The Phoenix Valley is a land of two temperatures: warm and hot - and a land of one basic color: brown. Seasons are subtle here with warm slipping quietly into hot and then, six or eight months later, slipping back into warm again. Major dust storms are more common in Phoenix than rain showers. There is no frost, or snow, and certainly very little in the way of seasonal change.
And oh how I miss those seasons!
Next Sunday is the official start of fall, an event of colorful import in other places. In recognition of that annual tilting of the Earth's axis and attendant change of seasons, I have selected the following poem by Emily Bronte to mark the occasion. Her poem reminds us that winter, another wonderful season, will soon follow on the heels of fall - just not in Phoenix.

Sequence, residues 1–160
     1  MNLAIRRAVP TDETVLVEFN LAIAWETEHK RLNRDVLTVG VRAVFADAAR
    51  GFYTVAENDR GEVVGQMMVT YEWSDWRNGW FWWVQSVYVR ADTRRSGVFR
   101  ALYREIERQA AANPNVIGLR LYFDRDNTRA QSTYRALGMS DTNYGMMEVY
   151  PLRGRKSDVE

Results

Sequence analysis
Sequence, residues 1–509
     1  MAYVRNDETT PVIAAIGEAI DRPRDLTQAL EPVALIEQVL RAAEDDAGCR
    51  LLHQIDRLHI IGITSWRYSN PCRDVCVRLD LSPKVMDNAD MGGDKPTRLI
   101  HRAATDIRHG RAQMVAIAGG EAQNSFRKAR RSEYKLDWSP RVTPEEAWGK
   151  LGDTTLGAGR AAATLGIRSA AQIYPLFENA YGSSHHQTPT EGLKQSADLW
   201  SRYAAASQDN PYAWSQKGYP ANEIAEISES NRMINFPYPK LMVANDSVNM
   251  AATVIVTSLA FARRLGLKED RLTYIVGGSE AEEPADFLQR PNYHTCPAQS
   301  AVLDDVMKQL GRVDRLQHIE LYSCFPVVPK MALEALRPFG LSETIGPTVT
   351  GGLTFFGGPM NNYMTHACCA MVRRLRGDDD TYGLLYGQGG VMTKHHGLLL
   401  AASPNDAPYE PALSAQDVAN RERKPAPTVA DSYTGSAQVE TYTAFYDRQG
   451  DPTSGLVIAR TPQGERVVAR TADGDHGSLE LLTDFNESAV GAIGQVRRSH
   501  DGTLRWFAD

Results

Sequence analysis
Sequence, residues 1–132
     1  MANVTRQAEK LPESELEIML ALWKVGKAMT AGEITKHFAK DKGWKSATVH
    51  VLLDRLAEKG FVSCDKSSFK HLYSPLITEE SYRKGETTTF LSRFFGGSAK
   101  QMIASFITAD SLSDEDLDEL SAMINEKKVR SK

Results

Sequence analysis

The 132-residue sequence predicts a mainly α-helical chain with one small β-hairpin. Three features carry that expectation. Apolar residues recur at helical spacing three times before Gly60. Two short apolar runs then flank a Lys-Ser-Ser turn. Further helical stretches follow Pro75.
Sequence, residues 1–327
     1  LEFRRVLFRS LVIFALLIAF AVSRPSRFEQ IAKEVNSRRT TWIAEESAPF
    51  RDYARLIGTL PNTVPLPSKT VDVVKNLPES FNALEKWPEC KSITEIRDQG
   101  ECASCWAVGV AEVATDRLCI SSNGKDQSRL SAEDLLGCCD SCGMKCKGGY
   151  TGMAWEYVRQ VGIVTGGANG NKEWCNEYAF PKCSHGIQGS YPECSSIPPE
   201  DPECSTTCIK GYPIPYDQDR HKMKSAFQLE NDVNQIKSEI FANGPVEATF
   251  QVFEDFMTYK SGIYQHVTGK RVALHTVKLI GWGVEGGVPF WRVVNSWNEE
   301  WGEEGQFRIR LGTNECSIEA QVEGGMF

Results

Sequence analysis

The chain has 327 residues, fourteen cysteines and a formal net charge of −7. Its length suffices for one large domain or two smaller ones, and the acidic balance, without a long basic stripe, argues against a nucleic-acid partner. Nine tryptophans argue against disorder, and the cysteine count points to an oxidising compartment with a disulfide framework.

This time next year I shall be sitting under a maple tree waiting for the leaves to change color and drift down upon my head.
Fall, Leaves, Fall
by Emily Jane Bronte
Fall, leaves, fall; die, flowers, away;
Lengthen night and shorten day;
Every leaf speaks bliss to me
Fluttering from the autumn tree.
I shall smile when wreaths of snow
Blossom where the rose should grow;
I shall sing when night's decay
Ushers in a drearier day.